Updated: May 22nd, 2009
Let’s face it – the majority of the population doesn’t understand twitter. They don’t get its true value – all they see is an obnoxious social network full of exhibitionists tweeting about millions of mundane things of every minute of their lives.
Except, twitter is much, much more than that. In addition to all the wankers talking about themselves 24/7, of course. Twitter is what you make it to be. You can follow boring, uninteresting people with interests in growing cactuses (cacti?) and collecting fur balls. But you can also follow people sharing piles of interesting and useful information (see bullet points below). Just do me one favor and repeat after me: twitter is not only for publishing your …
Twitter.com Autocomplete, Auto URL Expansion, Auto URL Shortener, RT Button, Nested Replies, Inline Media Embed, Search Tabs, And More
Updated: September 16th, 2012
Recently I read an article on the Six Revisions blog that discussed 10 seemingly simple improvements to the twitter interface. They included such things as nick autocomplete, mentions, groups, and more.
You could only dream about such twitter improvements… that is until you use the Troys Twitter script. Just perform the following steps and you will have the features I describe in this article. Here we go:
- Install Firefox (you already have that, right?)
- Install the Firefox greasemonkey extension
- Install the Troys Twitter script
Updated: July 1st, 2010
From time to time my, still curious, mind accumulates a variety of questions and concerns which it has to spill onto the pages of this blog. How random are these? Pretty damn random, and I need to see some answers, quick. Oh, and I’m deliberately not searching Google, as I want to facilitate discussion. What fun would it be if I just looked up all these?
Password Protected Garage Door Remotes
As a paranoid person and a recent homeowner, I started to wonder how safe I actually am in my house. Consider this likely scenario that nobody seems to be concerned with:
I park my car outside for one night and don’t take out my portable garage door remote, the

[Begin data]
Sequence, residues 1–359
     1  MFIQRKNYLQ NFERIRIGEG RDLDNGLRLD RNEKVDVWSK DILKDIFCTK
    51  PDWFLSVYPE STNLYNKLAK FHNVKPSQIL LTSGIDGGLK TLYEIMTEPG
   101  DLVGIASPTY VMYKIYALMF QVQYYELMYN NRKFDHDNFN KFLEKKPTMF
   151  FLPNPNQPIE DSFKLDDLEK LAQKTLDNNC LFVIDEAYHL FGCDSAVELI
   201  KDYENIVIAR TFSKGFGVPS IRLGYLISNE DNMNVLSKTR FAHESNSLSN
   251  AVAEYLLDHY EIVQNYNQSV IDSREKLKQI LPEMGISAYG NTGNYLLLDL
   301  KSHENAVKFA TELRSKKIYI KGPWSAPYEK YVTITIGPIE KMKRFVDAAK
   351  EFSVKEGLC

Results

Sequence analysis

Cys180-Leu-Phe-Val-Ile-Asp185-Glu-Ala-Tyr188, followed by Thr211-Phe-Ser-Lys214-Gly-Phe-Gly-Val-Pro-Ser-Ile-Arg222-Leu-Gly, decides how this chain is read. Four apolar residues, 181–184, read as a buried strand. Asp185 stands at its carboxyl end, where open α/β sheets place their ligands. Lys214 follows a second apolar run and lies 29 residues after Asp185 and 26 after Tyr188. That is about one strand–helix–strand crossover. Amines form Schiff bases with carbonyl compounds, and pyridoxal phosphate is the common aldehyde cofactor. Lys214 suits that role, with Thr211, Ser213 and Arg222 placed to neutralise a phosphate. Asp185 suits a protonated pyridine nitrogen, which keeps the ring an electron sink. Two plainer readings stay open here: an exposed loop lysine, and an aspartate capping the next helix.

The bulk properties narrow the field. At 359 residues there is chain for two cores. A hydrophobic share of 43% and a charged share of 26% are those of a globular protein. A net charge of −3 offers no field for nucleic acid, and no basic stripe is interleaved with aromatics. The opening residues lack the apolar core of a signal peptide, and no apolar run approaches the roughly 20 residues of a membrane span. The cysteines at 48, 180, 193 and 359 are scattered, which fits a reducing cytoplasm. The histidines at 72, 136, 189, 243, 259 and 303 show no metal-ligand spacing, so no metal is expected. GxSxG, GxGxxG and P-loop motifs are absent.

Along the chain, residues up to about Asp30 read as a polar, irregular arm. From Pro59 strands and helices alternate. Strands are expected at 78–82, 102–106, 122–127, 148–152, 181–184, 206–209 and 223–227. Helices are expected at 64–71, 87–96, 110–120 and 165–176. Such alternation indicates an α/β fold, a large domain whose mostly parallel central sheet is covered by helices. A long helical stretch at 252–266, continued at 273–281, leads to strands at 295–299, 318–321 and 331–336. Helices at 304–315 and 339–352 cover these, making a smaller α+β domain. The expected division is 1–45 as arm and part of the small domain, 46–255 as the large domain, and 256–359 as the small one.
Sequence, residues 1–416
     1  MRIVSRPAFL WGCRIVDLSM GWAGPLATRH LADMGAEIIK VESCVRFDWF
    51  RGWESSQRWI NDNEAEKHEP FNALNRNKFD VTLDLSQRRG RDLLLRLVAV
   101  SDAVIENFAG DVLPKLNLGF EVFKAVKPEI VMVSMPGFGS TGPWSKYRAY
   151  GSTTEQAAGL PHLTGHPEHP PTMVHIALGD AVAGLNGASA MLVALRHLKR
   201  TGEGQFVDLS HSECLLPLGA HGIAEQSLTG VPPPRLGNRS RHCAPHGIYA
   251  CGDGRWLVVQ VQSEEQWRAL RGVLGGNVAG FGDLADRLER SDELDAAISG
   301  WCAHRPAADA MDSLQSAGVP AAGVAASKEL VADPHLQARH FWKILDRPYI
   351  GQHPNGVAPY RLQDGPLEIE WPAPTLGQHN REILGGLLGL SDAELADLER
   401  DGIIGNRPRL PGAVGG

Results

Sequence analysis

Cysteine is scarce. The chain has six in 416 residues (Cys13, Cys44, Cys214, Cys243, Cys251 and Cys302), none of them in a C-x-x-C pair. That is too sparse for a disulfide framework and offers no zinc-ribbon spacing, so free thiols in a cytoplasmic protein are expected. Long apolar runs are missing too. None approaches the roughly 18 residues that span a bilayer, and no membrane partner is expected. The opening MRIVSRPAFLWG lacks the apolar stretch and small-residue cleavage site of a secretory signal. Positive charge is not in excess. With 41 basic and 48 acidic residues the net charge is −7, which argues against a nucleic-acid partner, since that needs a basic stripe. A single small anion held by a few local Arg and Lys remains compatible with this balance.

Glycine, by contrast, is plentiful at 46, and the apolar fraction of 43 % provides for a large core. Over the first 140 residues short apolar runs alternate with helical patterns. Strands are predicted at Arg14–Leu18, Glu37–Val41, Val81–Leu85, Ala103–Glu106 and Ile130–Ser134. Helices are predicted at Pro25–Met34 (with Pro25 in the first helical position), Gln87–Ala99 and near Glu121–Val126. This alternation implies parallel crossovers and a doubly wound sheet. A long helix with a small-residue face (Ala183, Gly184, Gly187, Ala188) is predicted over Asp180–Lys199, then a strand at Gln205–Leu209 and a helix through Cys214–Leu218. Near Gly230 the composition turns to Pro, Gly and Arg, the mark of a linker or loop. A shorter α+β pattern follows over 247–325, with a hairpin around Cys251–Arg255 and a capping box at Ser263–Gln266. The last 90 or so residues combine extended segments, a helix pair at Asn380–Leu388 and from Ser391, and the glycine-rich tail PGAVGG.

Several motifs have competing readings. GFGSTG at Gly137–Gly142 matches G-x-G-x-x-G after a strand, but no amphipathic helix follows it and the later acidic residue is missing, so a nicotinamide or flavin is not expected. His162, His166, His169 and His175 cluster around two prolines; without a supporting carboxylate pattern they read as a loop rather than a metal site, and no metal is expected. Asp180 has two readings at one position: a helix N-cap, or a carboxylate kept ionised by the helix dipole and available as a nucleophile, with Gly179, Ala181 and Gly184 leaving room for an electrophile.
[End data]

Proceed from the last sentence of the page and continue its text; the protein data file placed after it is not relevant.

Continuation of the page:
Everyone and their mother are throwing out their predictions for 2009 nowadays, it’s a new fad. It’s like you’re not cool anymore if you don’t have twitter, a Mac, and a set of random predictions for the next 12 joyous months.
So I decided to throw in a few ideas of my own to be part of the cool crowd again (how much cooler can I be already, you might think, and I wouldn’t blame you).
Disclaimer (read it, tough guy)
What this post is:
- about the future of technology and the Internet, 2009 and beyond.
- my ideas on what is going to happen or should happen. If they happen to match someone else’s ideas – it doesn’t mean
Basement hackers and amateur mathematicians are competing to improve the program that Netflix uses to recommend DVDs — and to win $1 million in the process.
"THE “NAPOLEON DYNAMITE” problem is driving Len Bertoni crazy. Bertoni is a 51-year-old “semiretired” computer scientist who lives an hour outside Pittsburgh. In the spring of 2007, his sister-in-law e-mailed him an intriguing bit of news: Netflix, the Web-based DVD-rental company, was holding a contest to try to improve Cinematch, its “recommendation engine.” The prize: $1 million.
Cinematch is the bit
Updated: September 16th, 2012
For the past month I have been exploring options and building a perfect Home Theater PC for my 50” Vizio plasma. Besides the obvious, it has to play movies, youtube videos, etc, I had a few concrete goals in mind. Here they are:
- it absolutely had to handle 1080P h264, specifically movies encoded using x264. An average movie size for this format is between 8.5 and 13 GB. There were 2 problems to overcome: the CPU had to be able to handle the decoding (my desktop dual core Conroe barely kept up) and the network had to be fast enough to stream in real time from my storage PC a floor away.
- I needed to have the easiest
I’d like to share this relatively new video that shows Google Android’s mutli-tasking capabilities and the seamless integration of these capabilities. Hey, it’s got a copy/paste too (eat that, iPhone!). Android is an OS that’s got a clue. I applaud Google developers for thinking ahead.
You can view more videos from the Android/Google developers here….
Updated: September 5th, 2008
So Google Chrome – Google's attempt at an open source browser, came out yesterday and I took it out for a spin. At its heart is the Webkit engine (also open source) and Google Gears, powered by SQLite (can MySQL rival SQLite in applications like this?). Here are my thoughts.